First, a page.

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Banished to NULL Island! 

Tyler Wolford – ANAMED 2023–2024 PhD Fellow

There is a mythical land known among digital cartographers and practitioners of the digital humanities alike. The name of the island is only spoken in hushed whispers: NULL Island. This island, which has only appeared on maps since the digital age, is rumored to lie roughly 500 kilometers off the coast of Africa. Even the most skilled map maker has on occasion found themselves marooned on this unforgiving island. Rarely do digital cartographers seek out this island. Instead, the island finds them due to some error in the code. “Did I forget to change the map projection?” mutters the dehydrated captive for the third straight month in a row. “Was the error in the source data?” NULL Island, so dramatically reconstructed here, is a result of any number of different errors in digital mapping software which incorrectly projects data into the waters off Africa (or into Africa itself on occasion). The fabled NULL Island is appropriately located at 0,0 on Mercader projections. So, when digital topographical data shows up here, the mapmaker (unless they are making a map about the western coasts of Africa) knows they have made a serious error.

A casual reader of this blog may rightly ask what this quirk of digital cartography has to do with Koç University’s Research Center of Anatolian Civilizations (ANAMED). It is in just such a place as ANAMED that one finds the right companions to brave the dangers of NULL island. For one of the great perks of being an ANAMED fellow has been the academic community and the trips taken with members of that community. For instance, the Byzantine Studies working group planned various working trips throughout the city of Istanbul and a longer trip to the Tur Abdin. Among these groups, I, along with Kyle Brunner, organized an ANAMED GIS (Geographic Information Systems) working group, where each week we tackled various issues of digital mapping. Here, we do not take strolls to “monuments of unageing intellect,” but instead, we ventured digitally into various landscapes, both large and small, and, on occasion, were together banished to NULL Island.

Every Thursday, we gathered in one of the third-floor classrooms within the ANAMED building and huddled around the projected images of maps and map software. For the most part, we didn’t keep a rigid schedule, allowing the interests of the day to guide our discussions. Some days, our considerations were simple, a basic introduction to the software and its many idiosyncrasies. Just prior to arriving at ANAMED, I had become a fan of the software QGIS and its open-source philosophy, while Kyle remained a firm defender of Esri’s often more powerful ArcGIS. On other days, we tackled more difficult tools of analysis like Least Cost Path, Viewshed Analysis, or Site Catchment Analysis. Each provided an interesting way to model how people move and see across a particular topography. A personal favorite of mine is Watershed Analysis, which charts the flow of water across a DEM (or digital elevation model). I absolutely loved going on and on about the methodology for mapping hydrological flow in the pursuit of finding mountain streams. I must admit, we had a session on this topic for my interest alone (for which, I am thankful to my colleagues’ toleration).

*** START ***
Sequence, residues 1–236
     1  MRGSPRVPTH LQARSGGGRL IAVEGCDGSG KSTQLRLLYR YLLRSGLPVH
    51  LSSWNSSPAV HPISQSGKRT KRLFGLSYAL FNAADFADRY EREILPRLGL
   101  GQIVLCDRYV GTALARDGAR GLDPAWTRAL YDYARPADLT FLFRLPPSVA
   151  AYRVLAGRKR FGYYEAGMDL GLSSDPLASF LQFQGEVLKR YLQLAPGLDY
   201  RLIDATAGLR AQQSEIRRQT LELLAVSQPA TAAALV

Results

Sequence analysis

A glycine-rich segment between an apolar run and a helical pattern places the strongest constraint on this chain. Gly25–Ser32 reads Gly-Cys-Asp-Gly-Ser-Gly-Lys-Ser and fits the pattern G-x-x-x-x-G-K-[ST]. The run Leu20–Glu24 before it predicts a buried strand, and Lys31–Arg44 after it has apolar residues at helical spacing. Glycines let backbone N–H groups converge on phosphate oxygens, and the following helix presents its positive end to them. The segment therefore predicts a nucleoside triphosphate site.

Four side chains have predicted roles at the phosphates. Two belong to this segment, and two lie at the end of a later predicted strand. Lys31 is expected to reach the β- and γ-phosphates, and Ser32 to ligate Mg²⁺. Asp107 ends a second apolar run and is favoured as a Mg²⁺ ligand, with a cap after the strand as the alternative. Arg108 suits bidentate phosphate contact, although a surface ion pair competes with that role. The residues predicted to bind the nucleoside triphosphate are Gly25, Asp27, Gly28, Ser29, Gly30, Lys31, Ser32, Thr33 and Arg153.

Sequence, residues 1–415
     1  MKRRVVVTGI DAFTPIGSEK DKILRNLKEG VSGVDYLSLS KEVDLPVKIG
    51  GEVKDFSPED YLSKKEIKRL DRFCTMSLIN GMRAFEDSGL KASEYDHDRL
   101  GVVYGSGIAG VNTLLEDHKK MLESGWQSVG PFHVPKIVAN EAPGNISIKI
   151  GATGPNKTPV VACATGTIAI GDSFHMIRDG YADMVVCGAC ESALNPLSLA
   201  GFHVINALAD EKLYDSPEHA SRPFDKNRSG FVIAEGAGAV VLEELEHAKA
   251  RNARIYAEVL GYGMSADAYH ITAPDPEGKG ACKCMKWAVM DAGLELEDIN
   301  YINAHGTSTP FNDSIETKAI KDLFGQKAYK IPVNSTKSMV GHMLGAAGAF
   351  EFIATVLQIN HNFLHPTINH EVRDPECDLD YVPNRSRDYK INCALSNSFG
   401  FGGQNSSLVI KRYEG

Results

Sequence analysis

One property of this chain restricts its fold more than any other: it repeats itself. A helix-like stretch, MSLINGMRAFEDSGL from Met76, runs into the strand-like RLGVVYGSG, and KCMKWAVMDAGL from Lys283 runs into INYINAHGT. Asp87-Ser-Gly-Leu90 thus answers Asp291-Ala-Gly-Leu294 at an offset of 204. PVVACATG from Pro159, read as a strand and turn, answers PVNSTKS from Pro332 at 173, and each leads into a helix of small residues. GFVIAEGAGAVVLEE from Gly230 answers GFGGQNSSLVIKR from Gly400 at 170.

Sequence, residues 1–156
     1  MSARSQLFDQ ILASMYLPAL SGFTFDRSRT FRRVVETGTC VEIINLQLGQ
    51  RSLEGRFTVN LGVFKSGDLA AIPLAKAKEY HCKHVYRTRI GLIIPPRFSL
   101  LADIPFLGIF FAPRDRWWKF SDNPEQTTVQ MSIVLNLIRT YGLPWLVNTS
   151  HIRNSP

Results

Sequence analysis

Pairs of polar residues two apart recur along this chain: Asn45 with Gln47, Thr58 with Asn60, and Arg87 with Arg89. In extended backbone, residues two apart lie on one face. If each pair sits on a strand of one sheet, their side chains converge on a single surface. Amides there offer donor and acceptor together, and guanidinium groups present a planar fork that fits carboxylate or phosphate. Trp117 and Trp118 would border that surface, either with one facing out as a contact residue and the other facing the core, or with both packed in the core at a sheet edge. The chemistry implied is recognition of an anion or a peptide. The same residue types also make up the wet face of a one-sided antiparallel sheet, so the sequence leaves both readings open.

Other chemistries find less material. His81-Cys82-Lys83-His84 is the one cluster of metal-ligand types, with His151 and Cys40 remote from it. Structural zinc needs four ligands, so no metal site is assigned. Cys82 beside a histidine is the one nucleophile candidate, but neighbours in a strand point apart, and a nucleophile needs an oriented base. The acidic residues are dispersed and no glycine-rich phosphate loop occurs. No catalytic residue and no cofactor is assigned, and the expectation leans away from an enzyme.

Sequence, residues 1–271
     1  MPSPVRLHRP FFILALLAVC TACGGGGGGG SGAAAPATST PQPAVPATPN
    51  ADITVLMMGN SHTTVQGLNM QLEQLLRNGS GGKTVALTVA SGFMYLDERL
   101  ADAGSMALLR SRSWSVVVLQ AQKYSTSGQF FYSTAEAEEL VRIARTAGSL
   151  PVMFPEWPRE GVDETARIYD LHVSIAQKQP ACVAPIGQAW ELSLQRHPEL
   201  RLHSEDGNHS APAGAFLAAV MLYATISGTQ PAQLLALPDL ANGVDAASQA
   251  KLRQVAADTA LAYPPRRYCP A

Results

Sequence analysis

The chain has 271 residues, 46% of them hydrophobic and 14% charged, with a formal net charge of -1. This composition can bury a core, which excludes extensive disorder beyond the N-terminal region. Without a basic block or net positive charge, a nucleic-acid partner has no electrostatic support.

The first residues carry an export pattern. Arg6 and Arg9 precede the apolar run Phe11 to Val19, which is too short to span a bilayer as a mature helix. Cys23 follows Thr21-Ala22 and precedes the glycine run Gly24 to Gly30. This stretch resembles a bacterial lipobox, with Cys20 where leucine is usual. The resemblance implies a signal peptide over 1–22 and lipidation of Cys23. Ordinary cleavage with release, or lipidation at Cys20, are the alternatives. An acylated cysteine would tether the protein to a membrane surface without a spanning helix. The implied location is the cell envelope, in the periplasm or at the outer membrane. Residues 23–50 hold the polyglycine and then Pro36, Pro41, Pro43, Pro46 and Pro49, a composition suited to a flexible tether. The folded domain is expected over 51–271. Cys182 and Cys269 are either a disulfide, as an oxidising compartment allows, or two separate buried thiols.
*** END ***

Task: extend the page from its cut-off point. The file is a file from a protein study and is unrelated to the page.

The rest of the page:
While I often played the role of instructor, in part (along with Kyle), within this group, I often learned a lot from our sessions, filling gaps in my own knowledge and understanding. I had not realized how much of QGIS I knew how to do, but not why, until I needed to explain it. For instance, I had known to change the map projection from the default pseudo-Mercator to a UTM projection before undertaking any sophisticated analysis with a DEM (i.e., any of the ‘more difficult tools’ I mentioned above, like Least Cost Path, Viewshed, or Watershed). I never internalized why this was needed (although I was certainly taught in the past). I realized that I had come to understand the whole thing more like a ritual. Without this step, the spell simply will not work. Kyle’s explanation of the underlying rationale was illuminating: the pseudo-Mercator, which utilizes ‘degrees’ as the basic unit is designed to be ‘okay’ for the whole globe, while the various UTM projections, based in ‘meters’ instead of ‘degrees,’ are like strips of an orange skin peeled off carefully. The latter is much better for the narrower focus of work with a single mountain or region.

In the course of the GIS working group, I managed to gain a bit of a reputation for being a bit… how do I put… catastrophizing? If this is done wrong, you may lose your data! Probably an attitude gained from learning the hard way how easy it is to lose data to any sort of mistake. Who hasn’t forgotten to toggle off the editing toolbar for another layer and accidentally deleted half of it before you realized what was happening? Who hasn’t forgotten to fix the correct projection to your data (and match it with your project!), causing your data on occasion to decide now is a good time for a vacation to a certain fabled island? 

Still, despite my general anxiety about my data when mapping, there is a certain relief to know that —at ANAMED at least—when I am inevitably banished to NULL Island, I won’t be alone.